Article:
One story that illustrates Mr. Zhang’s playful approach to copying concerns his 1967 trip to review an exhibition of the works of Shitao, a 17th-century painter, at the University of Michigan Museum of Art. His tour guides were proud to show him the works of such a famous painter, who had died more than two centuries earlier. So they were surprised when Mr. Zhang began to laugh and point to various works on the wall, saying: “I did that! And that.” “That is how Zhang Daqian talked,” said Marshall Wu, a retired professor at the University of Michigan who first met Mr. Zhang in the 1960s. “You never really knew if he was serious or kidding. But he did a lot of Shitao forgeries.” Mr. Zhang’s work now serves as a model for a painter in Beijing, Liang Zhaojin, who studied with the master and now works in his own classical style that is based on that tradition.
This creativity of fakery is something that was recently acknowledged by Blake Gopnik in a follow-up Op-Ed piece. Commenting on the recent case of an unknown (and unnamed) artist in Queens who turned out dozens of fake Pollocks, Rothkos, Klines and Motherwells, Gopnik reminds us that,
If a fake is good enough to fool experts, then it’s good enough to give the rest of us pleasure, even insight. The late Swiss collector Ernst Beyeler called a fake Rothko from Queens a “sublime unknown masterwork” in 2005 and hung it in his namesake museum. Why not think of that picture as the sublime masterwork that Rothko happened not to have got around to? Is it a bad thing if thousands more people in China get to own works by the great modern master Qi Baishi — even if the works they own aren’t actually by him? In some ways, they are by him, in the profound sense that they almost perfectly capture his unique contribution to art. If they didn’t, no one would imagine he’d made them.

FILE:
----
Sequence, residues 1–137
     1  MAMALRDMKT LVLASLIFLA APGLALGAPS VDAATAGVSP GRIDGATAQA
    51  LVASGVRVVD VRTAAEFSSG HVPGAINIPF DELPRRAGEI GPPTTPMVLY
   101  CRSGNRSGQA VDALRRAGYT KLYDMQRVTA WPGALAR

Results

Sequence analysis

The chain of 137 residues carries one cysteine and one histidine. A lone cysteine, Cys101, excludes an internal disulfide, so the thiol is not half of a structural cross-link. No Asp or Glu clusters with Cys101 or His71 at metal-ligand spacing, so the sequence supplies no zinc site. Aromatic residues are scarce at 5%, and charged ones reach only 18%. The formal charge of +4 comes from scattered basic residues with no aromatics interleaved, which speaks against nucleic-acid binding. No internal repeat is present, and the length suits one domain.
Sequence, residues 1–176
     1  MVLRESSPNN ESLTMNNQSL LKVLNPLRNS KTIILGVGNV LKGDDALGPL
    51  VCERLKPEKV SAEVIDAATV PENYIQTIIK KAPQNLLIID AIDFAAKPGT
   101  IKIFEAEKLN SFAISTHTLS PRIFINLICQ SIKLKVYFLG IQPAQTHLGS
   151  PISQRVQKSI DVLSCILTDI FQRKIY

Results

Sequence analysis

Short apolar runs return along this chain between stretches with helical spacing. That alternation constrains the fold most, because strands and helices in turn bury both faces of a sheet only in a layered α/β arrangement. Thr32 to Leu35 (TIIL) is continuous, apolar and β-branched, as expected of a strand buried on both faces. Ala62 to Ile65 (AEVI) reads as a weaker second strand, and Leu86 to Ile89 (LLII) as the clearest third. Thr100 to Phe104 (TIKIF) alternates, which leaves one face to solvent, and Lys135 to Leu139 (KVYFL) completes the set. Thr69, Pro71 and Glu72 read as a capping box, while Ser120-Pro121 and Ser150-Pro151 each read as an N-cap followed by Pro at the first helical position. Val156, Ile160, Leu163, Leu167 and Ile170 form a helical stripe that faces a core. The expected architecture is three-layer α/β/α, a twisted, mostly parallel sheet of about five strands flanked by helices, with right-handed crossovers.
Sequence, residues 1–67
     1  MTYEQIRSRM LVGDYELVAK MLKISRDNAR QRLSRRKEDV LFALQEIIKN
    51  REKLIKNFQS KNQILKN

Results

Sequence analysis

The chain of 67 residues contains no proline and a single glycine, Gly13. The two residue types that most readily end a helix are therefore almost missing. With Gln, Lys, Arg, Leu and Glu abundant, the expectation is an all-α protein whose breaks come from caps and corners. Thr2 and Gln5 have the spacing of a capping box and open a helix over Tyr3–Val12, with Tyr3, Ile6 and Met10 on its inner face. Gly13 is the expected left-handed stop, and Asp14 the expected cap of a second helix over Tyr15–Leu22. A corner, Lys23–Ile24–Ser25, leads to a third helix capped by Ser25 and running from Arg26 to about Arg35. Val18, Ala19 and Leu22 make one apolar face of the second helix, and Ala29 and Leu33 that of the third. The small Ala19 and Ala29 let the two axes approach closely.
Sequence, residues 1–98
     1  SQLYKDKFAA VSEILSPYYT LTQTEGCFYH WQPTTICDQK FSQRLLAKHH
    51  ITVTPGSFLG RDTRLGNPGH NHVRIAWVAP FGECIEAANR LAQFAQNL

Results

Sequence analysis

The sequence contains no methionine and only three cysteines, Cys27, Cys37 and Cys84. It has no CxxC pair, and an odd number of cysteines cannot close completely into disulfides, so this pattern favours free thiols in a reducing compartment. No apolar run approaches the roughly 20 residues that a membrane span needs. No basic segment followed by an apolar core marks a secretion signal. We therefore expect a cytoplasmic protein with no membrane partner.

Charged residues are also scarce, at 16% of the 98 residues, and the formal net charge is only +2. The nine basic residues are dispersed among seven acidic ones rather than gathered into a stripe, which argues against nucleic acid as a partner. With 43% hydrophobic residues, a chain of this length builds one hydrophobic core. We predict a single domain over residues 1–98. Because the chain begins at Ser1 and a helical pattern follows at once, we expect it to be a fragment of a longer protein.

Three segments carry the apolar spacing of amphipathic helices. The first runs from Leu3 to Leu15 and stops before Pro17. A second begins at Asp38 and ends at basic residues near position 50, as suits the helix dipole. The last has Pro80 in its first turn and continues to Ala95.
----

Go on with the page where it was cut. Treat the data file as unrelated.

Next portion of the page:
Nor, Gopnik also reminds us, is this shanzhai spirit exclusive to China. The concept of ‘forgery’ in art hardly existed in the West prior to 1500. It took the development of a capitalist art market to create ‘dealers,’ ‘collectors,’ and ‘connoisseurs,’ resulting in new ideas that linked authenticity to originality. As Walter Benjamin, John Berger, and other critics have famously argued, ‘the original’ only became important when art became a commodity. And because of that, we’re stuck with a very narrow and impoverished conception of authenticity incapable of seeing mimesis as the creative act that it is.
Finally, the photographer Michael Wolf has an excellent series of photos of ‘real fake art’ in China. See the series here on Artnet.com. Wolf photographs artists proudly displaying their forgeries. Here’s an introduction to the series:
Copy art is a multimillion industry in China, which produces 70 percent of the copies of famous masterpieces and exports 80 percent of them to North America and Europe (a mere 20 percent remain in China). In his “Real Fake Art” series, Michael Wolf portrays the faces behind the recent explosion of this industry in China, uncovering the odd and subtle interplay between capitalism and the Chinese tradition of developing artistic skill by copying the works of master artists. His series explores the effects of mass production (the fastest workers can produce 30 paintings a day) with photographs of the artist or “entrepreneur” in the market environment. Each image conveys the fabric of our new global economy, which democratizes art and enables each and every one of us to own a Hopper.